The Gospel reading today could have been entitled, “A Day in the Life of Jesus.” It’s what biblical scholars would call a typical day in the life of our Lord during his public ministry. It’s a pretty busy day, with lots of people demanding his attention and asking for his help. And generously, almost breathlessly, the Lord responds to them, one after the other.
First, he preaches in the synagogue. Then perhaps as a favor to his disciple, he heals Simon Peter’s mother-in-law, who is sick with fever. We are told that she recovers fully and fast enough to wait on them. Then after supper, with “the whole town gathered at he door,” the Lord is off again, curing the sick and driving away demons.
With the great number of people there, we can only imagine how long he works and how late he stays up that night before finally getting some rest. And yet we’re told that despite what might have been an exhausting night, very early the next day, even before dawn, Jesus gets out of bed and goes off to a deserted place…to pray!
For me, this non-negotiable priority that the Lord reserves for prayer is truly remarkable. And I say that because when my life grows crowded with concerns, as it sometimes does, and all sorts of pressing deadlines begin to breathe down my neck, as they sometimes do, almost always, the first thing to go is prayer. And the worst part is, it’s so easy to come up with justications–and brilliant ones too!
Here are my top 3 rationalizations for dumping prayer:
#3: “I’ll just pray later–when I’m less busy!” The problem, of course, is that the more we postpone prayer, the less we end up actually doing it. And the reason is that while prayer is very important, it is not as urgent as the less important things in our “to-do” lists.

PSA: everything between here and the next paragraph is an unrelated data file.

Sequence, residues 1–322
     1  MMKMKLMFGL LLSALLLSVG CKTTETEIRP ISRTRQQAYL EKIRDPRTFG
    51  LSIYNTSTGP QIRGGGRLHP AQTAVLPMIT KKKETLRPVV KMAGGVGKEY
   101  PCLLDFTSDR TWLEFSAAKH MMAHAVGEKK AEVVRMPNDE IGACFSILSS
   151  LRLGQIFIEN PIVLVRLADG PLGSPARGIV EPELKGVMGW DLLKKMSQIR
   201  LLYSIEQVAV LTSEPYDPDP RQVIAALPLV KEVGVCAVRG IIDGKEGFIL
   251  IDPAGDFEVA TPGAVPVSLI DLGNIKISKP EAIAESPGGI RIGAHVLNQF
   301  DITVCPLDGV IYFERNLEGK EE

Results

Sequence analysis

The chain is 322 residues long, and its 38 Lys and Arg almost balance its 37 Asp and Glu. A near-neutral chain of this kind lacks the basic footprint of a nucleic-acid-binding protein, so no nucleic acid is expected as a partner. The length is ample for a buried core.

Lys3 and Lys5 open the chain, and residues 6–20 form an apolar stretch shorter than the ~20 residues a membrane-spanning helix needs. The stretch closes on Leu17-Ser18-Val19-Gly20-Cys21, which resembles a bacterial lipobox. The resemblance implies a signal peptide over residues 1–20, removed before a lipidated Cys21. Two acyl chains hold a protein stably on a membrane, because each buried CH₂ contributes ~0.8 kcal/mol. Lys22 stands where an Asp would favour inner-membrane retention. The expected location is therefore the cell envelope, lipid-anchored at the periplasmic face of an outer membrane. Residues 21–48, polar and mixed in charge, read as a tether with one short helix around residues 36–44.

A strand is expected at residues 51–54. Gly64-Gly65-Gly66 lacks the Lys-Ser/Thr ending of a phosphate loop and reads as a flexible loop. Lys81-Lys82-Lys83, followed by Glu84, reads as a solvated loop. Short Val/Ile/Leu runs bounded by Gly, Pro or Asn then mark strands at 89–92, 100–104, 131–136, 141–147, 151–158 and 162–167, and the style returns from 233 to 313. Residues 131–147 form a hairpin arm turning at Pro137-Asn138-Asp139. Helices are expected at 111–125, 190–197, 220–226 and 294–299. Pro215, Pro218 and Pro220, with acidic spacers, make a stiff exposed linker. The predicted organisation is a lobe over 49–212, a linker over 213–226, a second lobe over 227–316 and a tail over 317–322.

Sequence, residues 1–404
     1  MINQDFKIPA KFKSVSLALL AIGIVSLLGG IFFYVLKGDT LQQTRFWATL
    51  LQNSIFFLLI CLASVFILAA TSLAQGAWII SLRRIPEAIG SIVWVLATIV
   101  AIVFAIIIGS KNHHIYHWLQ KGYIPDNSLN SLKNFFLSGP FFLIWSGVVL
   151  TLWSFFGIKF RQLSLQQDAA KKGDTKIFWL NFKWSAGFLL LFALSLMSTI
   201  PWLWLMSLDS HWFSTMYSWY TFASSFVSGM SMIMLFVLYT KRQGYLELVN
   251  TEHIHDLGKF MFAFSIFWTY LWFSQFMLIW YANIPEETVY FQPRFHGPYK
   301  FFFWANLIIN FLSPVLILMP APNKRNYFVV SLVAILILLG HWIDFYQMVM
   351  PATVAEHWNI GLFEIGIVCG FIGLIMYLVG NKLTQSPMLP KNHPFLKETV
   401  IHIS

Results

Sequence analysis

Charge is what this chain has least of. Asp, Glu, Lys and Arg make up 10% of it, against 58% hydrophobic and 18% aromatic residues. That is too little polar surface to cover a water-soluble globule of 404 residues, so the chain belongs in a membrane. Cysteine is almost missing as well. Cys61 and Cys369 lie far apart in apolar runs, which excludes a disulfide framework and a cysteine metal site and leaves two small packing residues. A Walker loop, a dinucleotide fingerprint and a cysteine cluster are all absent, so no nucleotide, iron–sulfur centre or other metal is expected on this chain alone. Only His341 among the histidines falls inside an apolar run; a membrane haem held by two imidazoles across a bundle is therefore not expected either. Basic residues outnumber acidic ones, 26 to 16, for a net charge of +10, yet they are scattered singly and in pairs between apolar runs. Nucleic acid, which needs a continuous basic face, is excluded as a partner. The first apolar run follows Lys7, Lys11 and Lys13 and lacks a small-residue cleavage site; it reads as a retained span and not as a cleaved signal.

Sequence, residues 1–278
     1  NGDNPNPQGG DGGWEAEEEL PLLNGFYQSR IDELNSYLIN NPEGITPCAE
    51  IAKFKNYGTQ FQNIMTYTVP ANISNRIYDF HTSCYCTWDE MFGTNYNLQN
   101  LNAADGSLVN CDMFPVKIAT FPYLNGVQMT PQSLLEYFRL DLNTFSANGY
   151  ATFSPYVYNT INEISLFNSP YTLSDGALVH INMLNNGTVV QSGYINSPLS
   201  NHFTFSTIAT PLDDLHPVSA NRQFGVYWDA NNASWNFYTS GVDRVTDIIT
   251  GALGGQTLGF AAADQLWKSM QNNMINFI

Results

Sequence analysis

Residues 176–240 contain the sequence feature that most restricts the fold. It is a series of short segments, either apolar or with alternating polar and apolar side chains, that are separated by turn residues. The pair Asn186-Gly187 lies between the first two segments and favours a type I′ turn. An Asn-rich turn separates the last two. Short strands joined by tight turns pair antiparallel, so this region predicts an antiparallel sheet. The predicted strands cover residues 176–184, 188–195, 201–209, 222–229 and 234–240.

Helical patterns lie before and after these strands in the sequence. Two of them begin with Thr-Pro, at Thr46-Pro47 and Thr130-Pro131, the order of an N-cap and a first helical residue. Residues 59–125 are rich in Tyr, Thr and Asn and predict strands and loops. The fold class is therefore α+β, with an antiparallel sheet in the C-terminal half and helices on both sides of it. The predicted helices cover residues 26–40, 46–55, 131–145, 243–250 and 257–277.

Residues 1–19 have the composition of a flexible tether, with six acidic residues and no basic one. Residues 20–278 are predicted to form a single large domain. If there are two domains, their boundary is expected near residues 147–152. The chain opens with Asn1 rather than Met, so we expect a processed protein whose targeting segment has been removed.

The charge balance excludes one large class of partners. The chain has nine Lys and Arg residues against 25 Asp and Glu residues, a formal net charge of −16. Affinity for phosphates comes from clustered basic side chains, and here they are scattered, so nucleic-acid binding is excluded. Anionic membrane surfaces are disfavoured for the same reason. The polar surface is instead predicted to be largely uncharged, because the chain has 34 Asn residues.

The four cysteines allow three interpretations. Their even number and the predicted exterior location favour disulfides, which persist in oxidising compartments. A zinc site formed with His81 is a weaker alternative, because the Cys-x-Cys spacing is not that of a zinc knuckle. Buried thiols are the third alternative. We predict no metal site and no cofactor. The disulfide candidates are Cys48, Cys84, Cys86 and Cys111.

#2: “Surely, the Lord will understand!” Of course he will, but precisely because we know God will forgive us, we end up abusing his kindness, and never actually carving out time for prayer.
#1–and this is the worst one, used especially by religious and priests like myself: “Anyway, my work is my prayer!” Yes, our work can be a form of prayer, but when you think about it, no one’s work can beat our Lord’s work, but he makes sure to reserve some quality time–even on his busiest days–for prayer.
If there’s anyone who has the right to use these three favorite justifications of mine, it’s Jesus himself. His public ministry, as shown in today’s gospel, can be ridiculously hectic. Should he decide to skip prayer, his Heavenly Father will completely understand! And finally, nothing can better exemplify prayer-in-action than Jesus’ tireless, loving and compassionate ministry to the poor and marginalized.
And yet our Lord makes sure that he finds time to pray–squeezing it in every moment of his life: at work, before and after work, even on the cross, his last breath itself a sigh of prayer.
Why this unusual attachment to and obsession with prayer? When his disciples find him and interrupt his prayer because everyone is looking for him, he gets up from prayer and says with what sounds like renewed determination and energy: “For this purpose have I come.”
For our Lord, prayer is purposing: Remembering–and reminding himself of–the very purpose of his existence.
We could all use that regularly.